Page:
HONG KONG (AP) — China on Sunday reported two additional deaths from COVID-19 as some cities move cautiously to ease anti-pandemic restrictions amid increasingly vocal public frustration over the measures. The National Health Commission said one death was reported each in the provinces of Shandong and Sichuan. No information was given about the ages of the victims or whether they had been fully vaccinated. China, where the virus first was detected in late 2019 in the central city of Wuhan, is the last major country trying to stop transmission completely through quarantines, lockdowns and mass testing. Concerns over vaccination rates are believed to figure prominently in the ruling Communist Party’s determination to stick to its hardline strategy. While nine in 10 Chinese have been vaccinated, only 66% of people over 80 have gotten one shot, while 40% have received a booster, according to the commission. It said 86% of people over 60 are vaccinated.
Exclusive: China operating over 100 police stations across the world with the help of some host nations, report claims
Beijing has set up more than 100 so-called overseas police stations across the globe to monitor, harass and in some cases repatriate Chinese citizens living in exile, using bilateral security arrangements struck with countries in Europe and Africa to gain a widespread presence internationally, a new report shared exclusively with CNN alleges.
NIO announced record monthly deliveries for November. However, XPeng submitted a muted forecast for Q4’22 deliveries. Shares of electric vehicle manufacturers surged last week despite Chinese EV firm XPeng (XPEV) issuing a light delivery forecast for the fourth-quarter. Chinese electric vehicle start-ups also released their monthly updates for deliveries which saw recovering growth, especially for NIO (NYSE:NIO) and Li Auto (LI). Although NIO’s delivery card for November was good, I believe the sector is headed for more trouble in the short term, largely because the Chinese economy is weakening rapidly!
International Business Times
More Chinese cities including Urumqi in the far west announced easing of coronavirus curbs on Sunday, as China tries to make its zero-COVID policy more targeted and less onerous after extraordinary protests against restrictions last weekend. Urumqi, the capital of the Xinjiang region and where the protests first broke out,...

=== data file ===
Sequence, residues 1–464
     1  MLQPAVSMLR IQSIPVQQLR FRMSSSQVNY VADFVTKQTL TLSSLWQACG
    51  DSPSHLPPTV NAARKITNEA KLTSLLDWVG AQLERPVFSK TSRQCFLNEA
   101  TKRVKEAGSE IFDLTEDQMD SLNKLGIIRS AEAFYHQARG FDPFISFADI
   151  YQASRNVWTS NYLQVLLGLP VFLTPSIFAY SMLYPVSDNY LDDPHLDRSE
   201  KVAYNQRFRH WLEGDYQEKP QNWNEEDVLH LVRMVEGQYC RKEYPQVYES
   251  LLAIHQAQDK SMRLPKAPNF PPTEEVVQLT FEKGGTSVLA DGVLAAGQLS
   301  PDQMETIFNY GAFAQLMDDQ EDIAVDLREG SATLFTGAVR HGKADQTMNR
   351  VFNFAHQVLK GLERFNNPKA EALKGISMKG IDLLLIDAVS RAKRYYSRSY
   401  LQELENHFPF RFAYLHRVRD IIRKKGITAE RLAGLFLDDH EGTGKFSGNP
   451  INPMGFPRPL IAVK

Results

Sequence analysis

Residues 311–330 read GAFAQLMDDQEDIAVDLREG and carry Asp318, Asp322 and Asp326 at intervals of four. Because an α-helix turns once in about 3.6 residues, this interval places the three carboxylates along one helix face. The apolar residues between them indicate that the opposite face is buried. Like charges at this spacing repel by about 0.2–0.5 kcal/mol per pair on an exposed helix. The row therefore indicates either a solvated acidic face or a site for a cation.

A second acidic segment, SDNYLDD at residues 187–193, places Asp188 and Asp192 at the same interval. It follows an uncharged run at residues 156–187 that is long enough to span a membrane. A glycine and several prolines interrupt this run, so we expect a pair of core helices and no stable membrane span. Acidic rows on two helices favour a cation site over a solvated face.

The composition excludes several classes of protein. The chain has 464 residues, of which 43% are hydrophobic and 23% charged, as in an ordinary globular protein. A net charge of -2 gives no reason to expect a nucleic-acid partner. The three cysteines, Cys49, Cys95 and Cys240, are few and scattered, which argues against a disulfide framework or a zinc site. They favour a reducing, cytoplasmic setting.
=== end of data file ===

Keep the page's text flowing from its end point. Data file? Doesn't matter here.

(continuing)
In Indonesia, Chinese President Xi Jinping clasped President Biden’s hand and smiled warmly. He reminisced with Australian Prime Minister Anthony Albanese about a visit to Canberra. In Thailand, he told Prime Minister Prayuth Chan-ocha that the two should visit each other “as often as relatives” and assured Taiwanese envoy Morris Chang that he “looked good” after a hip operation.
SHANGHAI — The mourners in Shanghai lit candles and placed flowers. Someone scrawled “Urumqi, 11.24, Rest in Peace” in red on cardboard — referring to the deadly apartment fire in China’s western city of Urumqi that sparked anger over perceptions that the country’s strict COVID-19 measures played a role in the disaster.
For nearly three years, the Chinese government deployed its considerable propaganda apparatus to fan fears about COVID to justify large-scale quarantines, frequent mass testing and the tracking of more than 1 billion people. As authorities now shift their approach to the pandemic, they face the task of downplaying those fears.
In Yunnan, Western China, one occasionally encounters an intriguing proverb: “If one visits China for a month, he can write a book. If one visits China for a year, he can write but an article. But if one stays longer, he cannot write anything of China!”. To know China...